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1 Introduction It is of

1 Introduction It is of great importance today, in material and geoscience, to be able to understand and predict the mechanical response (elasticity, anelasticity and viscoelasticity) of multicomponent silicate glasses and melts(Pinkerton and Stevenson (1992), Webb (1997), Bark-Zollmann et al. (1997b), Donth (2001), Schilling et al. (2003), Duan et al. (2003), Mueller et al. (2003), Buchenau (2003a), Wagner et al. (2004)). The evolution of terrestrial planets is determined by the rheological properties of silicate melts and their stability under different atmospheric conditions. An important roll plays the water content as well as the chemical composition of the natural materials which reflect and cause the evolution processes (Melnik and Sparks (1999)). By optical microscopy we know already since more than one hundred years textural patterns in vitreous and crystalline volcanic rocks (Zirkel (1873), 1). This observations clearly indicate degassing induced crystallization as well as a high mobility of crystalline phases in the magma and lava during the emplacement process (Heide (1989), Sparks et al. (2000)). According to theoretical and experimental investigations of Gutzow and Heide (1996) formation of such patterns are only possible below viscosities log(η[Pas])=4, i.e. at temperatures far above the glass transformation range. In the case of rhyolitic glasses at approximately 1300 ◦ C under atmospheric conditions, i.e. far above field experience of emplacement of dacitic lava at ≈ 925 ◦ C (Tab. 1). In addition in daily life silicate melts products are ubiquitous. Natural handling with glass usually misleads us to believe that the glass transition is one of the ten great outstanding challenges in physics (Gutzow et al. (2001), Ngai (2000), Angell et al. (2000), Donth (2001), Debenedetti and Stillinger (2001)). From a geoscientific point of view, experimental vulcanology and petrology examine the structure, dynamics and properties of natural and synthetic sil- Table 1 Estimated extrusion temperatures from field observations as well as calculations from the mineralogy of various high viscose lavas (Hall (1996)) Locality Rock type Temperature [ ◦ C] Taupo, New Zealand Rhyolite lava and pumice 735-890 Mono Craters, USA Rhyolite lava 790-820 Island Rhyodacite obsidian 900-925 New Britain Andesite pumice 940-990 New Britain Dacite lava and pumice 925 New Britain Rhyodacite pumice 880 2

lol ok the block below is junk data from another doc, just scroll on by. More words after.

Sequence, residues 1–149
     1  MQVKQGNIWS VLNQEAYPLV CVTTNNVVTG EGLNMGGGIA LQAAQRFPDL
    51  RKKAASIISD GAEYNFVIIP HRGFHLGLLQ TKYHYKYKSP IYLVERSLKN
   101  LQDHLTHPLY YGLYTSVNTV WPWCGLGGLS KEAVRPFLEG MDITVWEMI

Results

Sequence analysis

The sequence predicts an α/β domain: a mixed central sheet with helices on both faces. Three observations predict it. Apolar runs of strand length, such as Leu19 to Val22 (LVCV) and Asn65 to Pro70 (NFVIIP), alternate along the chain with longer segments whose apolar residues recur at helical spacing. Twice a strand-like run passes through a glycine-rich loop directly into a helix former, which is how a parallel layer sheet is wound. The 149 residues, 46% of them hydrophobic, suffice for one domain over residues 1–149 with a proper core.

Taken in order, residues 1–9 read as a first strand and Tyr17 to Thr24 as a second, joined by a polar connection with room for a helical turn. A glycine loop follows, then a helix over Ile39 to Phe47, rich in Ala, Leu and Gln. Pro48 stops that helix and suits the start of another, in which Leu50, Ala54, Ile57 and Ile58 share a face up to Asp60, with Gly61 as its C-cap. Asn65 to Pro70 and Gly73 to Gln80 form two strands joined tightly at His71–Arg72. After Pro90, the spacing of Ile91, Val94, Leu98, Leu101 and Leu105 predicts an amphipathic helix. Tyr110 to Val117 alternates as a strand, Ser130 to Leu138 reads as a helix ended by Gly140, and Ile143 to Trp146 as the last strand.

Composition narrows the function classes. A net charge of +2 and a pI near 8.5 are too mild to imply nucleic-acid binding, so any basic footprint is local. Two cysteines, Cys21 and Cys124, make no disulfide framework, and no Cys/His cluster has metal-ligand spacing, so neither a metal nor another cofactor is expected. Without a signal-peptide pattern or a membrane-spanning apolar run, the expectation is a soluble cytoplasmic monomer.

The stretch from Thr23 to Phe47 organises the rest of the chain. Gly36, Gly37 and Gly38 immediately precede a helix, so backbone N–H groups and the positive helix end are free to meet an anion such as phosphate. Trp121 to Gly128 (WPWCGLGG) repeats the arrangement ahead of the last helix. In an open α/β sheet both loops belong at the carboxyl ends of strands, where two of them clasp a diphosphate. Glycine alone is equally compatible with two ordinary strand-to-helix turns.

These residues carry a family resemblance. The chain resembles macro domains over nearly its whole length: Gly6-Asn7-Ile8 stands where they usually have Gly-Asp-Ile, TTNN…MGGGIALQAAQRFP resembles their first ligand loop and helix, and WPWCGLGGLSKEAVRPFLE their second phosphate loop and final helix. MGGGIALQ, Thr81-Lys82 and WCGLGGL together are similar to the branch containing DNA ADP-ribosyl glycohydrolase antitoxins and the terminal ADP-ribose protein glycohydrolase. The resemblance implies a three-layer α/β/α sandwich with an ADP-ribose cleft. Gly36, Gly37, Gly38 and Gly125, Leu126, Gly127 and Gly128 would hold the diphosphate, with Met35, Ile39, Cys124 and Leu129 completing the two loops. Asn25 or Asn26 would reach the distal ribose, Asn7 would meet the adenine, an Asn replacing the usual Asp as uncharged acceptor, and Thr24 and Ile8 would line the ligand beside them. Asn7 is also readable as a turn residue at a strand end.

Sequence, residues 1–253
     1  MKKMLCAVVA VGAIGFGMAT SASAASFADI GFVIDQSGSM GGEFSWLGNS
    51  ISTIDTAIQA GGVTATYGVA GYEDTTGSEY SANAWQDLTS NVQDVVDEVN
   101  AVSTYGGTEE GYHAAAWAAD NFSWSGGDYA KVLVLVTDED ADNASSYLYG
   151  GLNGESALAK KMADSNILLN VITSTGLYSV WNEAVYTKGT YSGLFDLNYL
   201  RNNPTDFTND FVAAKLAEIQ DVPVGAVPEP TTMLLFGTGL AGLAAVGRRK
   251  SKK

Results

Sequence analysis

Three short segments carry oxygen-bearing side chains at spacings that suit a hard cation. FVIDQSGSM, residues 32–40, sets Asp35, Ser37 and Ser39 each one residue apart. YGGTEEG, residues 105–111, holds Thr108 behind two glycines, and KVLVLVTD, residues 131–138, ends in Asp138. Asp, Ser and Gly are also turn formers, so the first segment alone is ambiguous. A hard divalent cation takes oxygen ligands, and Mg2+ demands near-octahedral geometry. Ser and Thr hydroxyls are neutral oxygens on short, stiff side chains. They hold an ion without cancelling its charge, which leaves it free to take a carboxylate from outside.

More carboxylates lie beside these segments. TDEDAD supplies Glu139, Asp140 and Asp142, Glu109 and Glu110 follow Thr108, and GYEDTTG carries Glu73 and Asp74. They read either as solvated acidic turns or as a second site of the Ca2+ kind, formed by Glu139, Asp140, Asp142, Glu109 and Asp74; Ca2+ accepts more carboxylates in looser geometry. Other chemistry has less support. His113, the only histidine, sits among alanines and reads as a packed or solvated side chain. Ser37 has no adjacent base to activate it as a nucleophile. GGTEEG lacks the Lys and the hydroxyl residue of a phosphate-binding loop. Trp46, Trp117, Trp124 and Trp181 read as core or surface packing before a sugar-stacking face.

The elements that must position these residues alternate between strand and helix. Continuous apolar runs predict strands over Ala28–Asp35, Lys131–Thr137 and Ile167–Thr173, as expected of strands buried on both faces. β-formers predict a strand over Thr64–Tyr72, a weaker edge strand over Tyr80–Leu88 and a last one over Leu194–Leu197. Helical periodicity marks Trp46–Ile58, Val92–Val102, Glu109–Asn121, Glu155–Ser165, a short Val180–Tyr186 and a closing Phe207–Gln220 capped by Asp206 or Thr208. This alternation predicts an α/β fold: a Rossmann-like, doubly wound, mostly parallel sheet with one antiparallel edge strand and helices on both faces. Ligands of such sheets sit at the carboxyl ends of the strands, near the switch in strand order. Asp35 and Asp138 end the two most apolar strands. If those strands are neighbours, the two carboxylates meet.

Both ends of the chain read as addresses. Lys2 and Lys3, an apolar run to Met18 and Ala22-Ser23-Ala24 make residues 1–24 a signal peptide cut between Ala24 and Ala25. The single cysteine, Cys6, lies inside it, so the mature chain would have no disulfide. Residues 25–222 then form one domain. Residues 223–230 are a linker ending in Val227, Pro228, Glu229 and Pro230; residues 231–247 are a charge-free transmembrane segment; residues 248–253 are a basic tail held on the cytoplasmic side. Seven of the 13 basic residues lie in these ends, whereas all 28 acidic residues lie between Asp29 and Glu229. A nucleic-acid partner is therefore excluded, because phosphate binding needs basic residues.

Tricht “besenförmig” Fig. 1. (top) Copperplate engraving by Zirkel 1873 of a “magnetite spider” in an obsidian from Armenia (adapted from Zirkel (1873)). (bottom) Turbulent hairline magnetite (fibres) in vitreous matrix of obsidian from Graber, Armenia together with fluidal adjusted bubbles. icate systems (Perchuk and Kushiro (1991), Saxena (1992), Stebbins et al. (1995), Mysen (2003)). The rheological properties determine emplacement mechanisms generally and the hazard implications especially (Fink (1990), Smith (1997), Melnik and Sparks (1999)). Whereby fragmentation of vesicular magma is one of the main processes governing explosive volcanism (Dingwell (1996), Papale (1999), Gonnermann and Manga (2003)). Besides the material consuming and dangerous direct observation of lava flows it is also in some 3

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